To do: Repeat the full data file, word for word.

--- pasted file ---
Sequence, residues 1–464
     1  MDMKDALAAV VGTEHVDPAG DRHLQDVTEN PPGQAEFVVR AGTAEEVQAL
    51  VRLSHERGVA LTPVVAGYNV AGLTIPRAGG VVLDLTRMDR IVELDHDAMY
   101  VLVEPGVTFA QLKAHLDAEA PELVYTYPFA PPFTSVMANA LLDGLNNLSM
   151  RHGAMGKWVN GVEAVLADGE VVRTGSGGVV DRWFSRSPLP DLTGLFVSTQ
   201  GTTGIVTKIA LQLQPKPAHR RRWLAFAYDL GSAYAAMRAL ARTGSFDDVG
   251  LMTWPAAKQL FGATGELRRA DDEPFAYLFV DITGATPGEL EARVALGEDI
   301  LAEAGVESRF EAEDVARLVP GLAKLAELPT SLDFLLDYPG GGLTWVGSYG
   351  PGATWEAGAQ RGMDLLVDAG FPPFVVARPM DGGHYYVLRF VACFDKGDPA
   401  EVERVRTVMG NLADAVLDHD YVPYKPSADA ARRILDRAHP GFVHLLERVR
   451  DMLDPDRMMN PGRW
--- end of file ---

Sequence, residues 1–464
     1  MDMKDALAAV VGTEHVDPAG DRHLQDVTEN PPGQAEFVVR AGTAEEVQAL
    51  VRLSHERGVA LTPVVAGYNV AGLTIPRAGG VVLDLTRMDR IVELDHDAMY
   101  VLVEPGVTFA QLKAHLDAEA PELVYTYPFA PPFTSVMANA LLDGLNNLSM
   151  RHGAMGKWVN GVEAVLADGE VVRTGSGGVV DRWFSRSPLP DLTGLFVSTQ
   201  GTTGIVTKIA LQLQPKPAHR RRWLAFAYDL GSAYAAMRAL ARTGSFDDVG
   251  LMTWPAAKQL FGATGELRRA DDEPFAYLFV DITGATPGEL EARVALGEDI
   301  LAEAGVESRF EAEDVARLVP GLAKLAELPT SLDFLLDYPG GGLTWVGSYG
   351  PGATWEAGAQ RGMDLLVDAG FPPFVVARPM DGGHYYVLRF VACFDKGDPA
   401  EVERVRTVMG NLADAVLDHD YVPYKPSADA ARRILDRAHP GFVHLLERVR
   451  DMLDPDRMMN PGRW